I toss this one in as just one battle of the many fought by US soldiers while committing the genocide of American Indians.

The Battle of the Little Bighorn, commonly referred to as Custer's Last Stand, was an armed engagement between combined forces of the Lakota, Northern Cheyenne, and Arapaho tribes, against the 7th Cavalry Regiment of the United States Army.

The Indians won this one.  Most conflicts in that time and place went the other way, of course.

The Spanish–American War was a conflict in 1898 between Spain and the United States, the result of American intervention in the Cuban War of Independence. American attacks on Spain's Pacific possessions led to involvement in the Philippine Revolution and ultimately to the Philippine–American War.

The Maine is best known for her catastrophic loss in Havana Harbor on the evening of 15 February 1898. Sent to protect U.S. interests during the Cuban revolt against Spain, she exploded suddenly without warning and sank quickly, killing nearly three quarters of her crew. The cause and responsibility for her sinking remained unclear after a board of inquiry. Nevertheless, popular opinion in the U.S., fanned by inflammatory articles printed in the "Yellow Press" by William Randolph Hearst and Joseph Pulitzer, blamed Spain.

What of the Philippines?

McKinley had God on his side.  How could anyone compete with God?  McKinley confessed to a visiting delegation of Methodist ministers…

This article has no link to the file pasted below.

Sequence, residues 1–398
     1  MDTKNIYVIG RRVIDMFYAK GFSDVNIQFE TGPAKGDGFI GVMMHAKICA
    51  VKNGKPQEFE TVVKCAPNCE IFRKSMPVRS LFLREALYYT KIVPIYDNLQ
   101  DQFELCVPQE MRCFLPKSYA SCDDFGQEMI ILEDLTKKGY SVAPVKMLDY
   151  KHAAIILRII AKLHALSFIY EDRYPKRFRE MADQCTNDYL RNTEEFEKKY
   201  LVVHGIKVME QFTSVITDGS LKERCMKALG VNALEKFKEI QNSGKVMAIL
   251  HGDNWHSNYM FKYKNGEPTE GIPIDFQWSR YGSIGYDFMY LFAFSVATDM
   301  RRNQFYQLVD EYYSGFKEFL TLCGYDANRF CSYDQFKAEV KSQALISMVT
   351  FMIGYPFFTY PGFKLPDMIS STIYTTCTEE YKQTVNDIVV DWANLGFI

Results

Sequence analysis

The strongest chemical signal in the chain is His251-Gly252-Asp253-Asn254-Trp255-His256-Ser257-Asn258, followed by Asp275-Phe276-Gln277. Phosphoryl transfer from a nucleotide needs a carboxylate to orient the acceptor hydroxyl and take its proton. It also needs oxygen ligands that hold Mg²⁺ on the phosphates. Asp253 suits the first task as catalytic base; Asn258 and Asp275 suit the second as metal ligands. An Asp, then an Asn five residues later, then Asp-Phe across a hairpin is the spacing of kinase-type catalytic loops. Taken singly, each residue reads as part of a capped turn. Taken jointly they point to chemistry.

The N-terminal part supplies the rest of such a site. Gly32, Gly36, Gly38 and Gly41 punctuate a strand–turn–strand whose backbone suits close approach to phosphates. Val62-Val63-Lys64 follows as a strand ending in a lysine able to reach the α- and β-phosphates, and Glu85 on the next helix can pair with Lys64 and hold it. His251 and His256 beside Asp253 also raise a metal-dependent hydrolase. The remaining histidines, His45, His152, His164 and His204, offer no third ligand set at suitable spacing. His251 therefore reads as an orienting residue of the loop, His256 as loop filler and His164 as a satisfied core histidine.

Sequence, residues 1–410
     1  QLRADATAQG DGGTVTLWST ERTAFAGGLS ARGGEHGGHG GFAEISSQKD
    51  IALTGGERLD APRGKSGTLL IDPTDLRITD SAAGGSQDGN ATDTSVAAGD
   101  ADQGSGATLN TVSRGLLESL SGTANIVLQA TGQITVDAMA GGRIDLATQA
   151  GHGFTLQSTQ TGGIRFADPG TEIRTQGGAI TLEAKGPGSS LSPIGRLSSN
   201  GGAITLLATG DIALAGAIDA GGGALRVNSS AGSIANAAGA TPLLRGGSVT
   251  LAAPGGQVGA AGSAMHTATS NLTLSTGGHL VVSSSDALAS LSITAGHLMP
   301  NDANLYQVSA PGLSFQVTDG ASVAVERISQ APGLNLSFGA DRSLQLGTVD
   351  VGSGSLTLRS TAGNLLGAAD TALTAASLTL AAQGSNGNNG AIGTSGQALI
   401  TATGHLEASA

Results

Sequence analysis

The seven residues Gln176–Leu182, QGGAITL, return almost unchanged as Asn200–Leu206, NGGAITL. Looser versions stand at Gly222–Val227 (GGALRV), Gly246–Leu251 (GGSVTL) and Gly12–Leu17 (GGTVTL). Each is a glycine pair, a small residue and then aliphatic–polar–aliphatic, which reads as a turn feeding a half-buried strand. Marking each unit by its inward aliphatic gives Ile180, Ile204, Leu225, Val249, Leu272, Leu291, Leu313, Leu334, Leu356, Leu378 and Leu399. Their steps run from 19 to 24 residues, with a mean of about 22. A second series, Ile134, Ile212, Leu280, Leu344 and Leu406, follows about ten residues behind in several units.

…that he fell to his knees and prayed for enlightenment and that God told him it was his duty to uplift, civilize, and Christianize the Filipinos.

In 1898, Filipino freedom fighters had expected that America would aid them in their patriotic revolution against their Spanish colonial masters.  Instead, the Americans short-circuited the revolution and took the country for themselves.  Related American military actions left more than two hundred fifty thousand Filipinos dead.  Over the next seven years, many Filipinos came to associate the Americans with torture, concentration camps, rape and murder of civilians, and destruction of their villages.
From “The Imperial Cruise: A Secret History of Empire and War,” by James Bradley

The White Man’s Burden (aka Kipling’s poem for American Imperialism) made its first overseas leap.  See, the Americans fought to Christianize the Philippines, because the Spanish weren’t Christian…wait a minute.

World War I (WWI or WW1), also known as the First World War, was a global war centred in Europe that began on 28 July 1914 and lasted until 11 November 1918.